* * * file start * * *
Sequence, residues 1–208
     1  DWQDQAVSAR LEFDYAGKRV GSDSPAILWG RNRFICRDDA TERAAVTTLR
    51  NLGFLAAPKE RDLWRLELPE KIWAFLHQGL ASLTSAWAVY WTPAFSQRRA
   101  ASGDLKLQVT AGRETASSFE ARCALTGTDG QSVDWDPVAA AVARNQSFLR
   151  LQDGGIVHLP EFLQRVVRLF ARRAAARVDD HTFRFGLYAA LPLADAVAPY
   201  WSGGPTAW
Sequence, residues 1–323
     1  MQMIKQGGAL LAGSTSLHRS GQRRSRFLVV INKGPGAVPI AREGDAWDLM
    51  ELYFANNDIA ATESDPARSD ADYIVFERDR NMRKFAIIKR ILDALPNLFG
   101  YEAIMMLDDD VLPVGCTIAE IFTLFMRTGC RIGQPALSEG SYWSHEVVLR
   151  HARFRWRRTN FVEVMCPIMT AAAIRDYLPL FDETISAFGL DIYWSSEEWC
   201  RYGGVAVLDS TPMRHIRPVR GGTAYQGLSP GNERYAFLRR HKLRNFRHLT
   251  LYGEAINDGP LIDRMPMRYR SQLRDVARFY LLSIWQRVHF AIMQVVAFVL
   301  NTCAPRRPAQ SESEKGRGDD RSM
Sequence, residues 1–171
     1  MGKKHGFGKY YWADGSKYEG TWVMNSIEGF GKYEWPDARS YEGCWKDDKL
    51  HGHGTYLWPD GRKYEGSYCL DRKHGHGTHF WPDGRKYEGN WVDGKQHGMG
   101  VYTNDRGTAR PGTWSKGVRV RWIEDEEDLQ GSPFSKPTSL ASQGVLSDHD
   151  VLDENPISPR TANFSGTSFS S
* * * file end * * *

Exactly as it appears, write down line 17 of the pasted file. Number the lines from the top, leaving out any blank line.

    51  HGHGTYLWPD GRKYEGSYCL DRKHGHGTHF WPDGRKYEGN WVDGKQHGMG